Every morning I set off down the frozen garden with a saucepan of steaming, bubbling water in my hand, to do a little pond maintenance.
Not having had pond fish before – we created this little fishpond late last summer – this is something of a new experience for me. Breaking the ice can apparently kill goldfish (something to do with sound waves travelling more easily through water, so it sounds something like a bomb going off which in a two-foot pond would make anyone keel over in shock), so melting it is the only way, however silly you look. Actually, it makes me feel a bit like one of those Eskimos crouching on the snow keeping the fishing hole open. Though I don’t suppose they do it by watching a saucepan slowly capsizing into the water beneath.
All this hard work is for the benefit of Peanut and Mango, who have not been seen since about November. I’m hoping they’re tucked away under the slab we thoughtfully propped across two of the shelves in the pre-fabbed liner, snoozing away the winter (hibernation is beginning to seem unduly attractive by this stage in winter, I find, though I’d probably prefer not to do it in near-freezing water). I’m trying to resist the urge to drop a fishing line in there to find out how they are.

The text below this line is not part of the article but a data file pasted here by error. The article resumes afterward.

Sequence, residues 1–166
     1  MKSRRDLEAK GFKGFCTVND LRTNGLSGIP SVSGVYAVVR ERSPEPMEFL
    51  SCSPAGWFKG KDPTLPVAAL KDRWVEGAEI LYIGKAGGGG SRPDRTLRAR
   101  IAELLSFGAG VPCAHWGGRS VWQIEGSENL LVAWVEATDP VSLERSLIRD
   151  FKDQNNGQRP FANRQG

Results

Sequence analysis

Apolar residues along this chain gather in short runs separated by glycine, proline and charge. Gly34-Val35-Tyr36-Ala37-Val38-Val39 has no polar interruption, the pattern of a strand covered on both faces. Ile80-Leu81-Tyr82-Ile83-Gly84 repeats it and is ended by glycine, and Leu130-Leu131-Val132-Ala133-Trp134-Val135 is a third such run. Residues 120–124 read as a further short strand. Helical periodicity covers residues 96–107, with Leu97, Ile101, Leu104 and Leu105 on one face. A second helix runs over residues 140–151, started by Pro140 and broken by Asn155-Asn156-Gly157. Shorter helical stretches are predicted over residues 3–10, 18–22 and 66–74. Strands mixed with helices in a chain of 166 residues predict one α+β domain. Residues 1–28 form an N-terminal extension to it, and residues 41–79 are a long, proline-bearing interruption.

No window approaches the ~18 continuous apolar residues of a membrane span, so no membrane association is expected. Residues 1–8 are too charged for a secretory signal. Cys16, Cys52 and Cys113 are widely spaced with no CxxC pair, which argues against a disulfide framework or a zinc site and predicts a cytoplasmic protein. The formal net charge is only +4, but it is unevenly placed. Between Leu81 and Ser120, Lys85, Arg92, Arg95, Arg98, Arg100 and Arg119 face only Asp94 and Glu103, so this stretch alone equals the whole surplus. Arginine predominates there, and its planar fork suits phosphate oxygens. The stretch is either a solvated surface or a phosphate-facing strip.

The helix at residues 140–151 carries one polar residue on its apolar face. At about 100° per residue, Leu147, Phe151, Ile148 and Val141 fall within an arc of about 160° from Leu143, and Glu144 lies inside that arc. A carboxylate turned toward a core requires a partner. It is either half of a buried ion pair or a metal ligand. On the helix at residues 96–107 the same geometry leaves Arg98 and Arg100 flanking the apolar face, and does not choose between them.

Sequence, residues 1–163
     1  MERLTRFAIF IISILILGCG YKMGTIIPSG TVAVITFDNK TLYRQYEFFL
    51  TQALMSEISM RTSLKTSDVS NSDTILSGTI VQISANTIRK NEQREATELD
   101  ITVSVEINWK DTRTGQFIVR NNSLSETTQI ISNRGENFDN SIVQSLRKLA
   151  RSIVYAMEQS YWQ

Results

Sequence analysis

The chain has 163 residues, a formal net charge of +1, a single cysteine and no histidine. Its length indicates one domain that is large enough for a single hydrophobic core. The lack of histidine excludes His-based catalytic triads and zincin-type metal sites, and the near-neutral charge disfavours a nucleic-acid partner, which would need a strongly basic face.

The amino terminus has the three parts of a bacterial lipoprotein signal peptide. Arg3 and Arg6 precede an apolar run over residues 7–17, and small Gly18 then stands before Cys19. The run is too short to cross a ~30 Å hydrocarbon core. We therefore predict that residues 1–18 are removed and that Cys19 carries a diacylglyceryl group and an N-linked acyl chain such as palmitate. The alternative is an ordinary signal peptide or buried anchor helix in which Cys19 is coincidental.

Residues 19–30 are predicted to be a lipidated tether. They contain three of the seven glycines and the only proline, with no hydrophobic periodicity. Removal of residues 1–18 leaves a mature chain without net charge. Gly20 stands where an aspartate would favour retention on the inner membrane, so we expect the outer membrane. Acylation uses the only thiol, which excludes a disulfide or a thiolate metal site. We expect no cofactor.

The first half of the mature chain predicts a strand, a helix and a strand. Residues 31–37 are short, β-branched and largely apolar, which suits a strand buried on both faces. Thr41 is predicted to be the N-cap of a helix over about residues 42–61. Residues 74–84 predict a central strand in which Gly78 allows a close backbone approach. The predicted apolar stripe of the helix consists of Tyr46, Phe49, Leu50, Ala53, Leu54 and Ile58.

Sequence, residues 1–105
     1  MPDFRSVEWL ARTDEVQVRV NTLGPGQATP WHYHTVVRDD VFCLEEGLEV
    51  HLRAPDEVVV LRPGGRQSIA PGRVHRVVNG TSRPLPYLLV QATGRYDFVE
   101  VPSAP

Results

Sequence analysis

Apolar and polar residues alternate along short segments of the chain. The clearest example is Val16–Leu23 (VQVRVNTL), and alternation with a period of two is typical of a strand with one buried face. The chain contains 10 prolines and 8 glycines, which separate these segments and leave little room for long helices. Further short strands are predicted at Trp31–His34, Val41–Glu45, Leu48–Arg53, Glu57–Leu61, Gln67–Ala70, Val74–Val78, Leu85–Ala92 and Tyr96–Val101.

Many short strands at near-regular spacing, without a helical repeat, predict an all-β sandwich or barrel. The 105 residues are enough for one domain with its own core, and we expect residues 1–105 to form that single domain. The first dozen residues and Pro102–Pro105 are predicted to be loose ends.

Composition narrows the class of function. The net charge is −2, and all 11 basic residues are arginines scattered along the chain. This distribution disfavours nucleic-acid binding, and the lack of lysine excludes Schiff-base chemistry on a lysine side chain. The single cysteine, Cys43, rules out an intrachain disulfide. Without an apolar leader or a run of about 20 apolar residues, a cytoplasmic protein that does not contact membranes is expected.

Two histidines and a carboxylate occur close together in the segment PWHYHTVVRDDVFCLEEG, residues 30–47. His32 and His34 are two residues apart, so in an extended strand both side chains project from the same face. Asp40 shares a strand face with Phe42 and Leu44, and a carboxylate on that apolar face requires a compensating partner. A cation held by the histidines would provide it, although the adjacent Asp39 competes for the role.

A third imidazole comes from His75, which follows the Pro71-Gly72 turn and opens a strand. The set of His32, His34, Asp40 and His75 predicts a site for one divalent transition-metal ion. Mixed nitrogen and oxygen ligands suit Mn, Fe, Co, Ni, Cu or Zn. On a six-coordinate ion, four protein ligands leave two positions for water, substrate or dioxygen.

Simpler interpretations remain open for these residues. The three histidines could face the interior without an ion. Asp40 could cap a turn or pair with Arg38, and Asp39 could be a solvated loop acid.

The irises and that fluffy grassy stuff – I think it’s Eriophorum angustifolium, aka cotton grass – are fine, and the waterlily died down well before the big freeze so I assume is also happily hibernating. But the water hyacinths have had it and are frozen in brown, semi-decayed death halfway in and out of the ice as I forgot to lift them and put them in a bucket in a frost-free greenhouse like I was meant to some time back in October.
Now I can’t remove them as they’re part of the icy scenery, and I’m just hoping they won’t have turned the water stagnant before it all defrosts again. My heart is in my mouth every day lest Peanut and Mango should one day be found to have joined them in icy suspension floating on the surface: but so far, so good.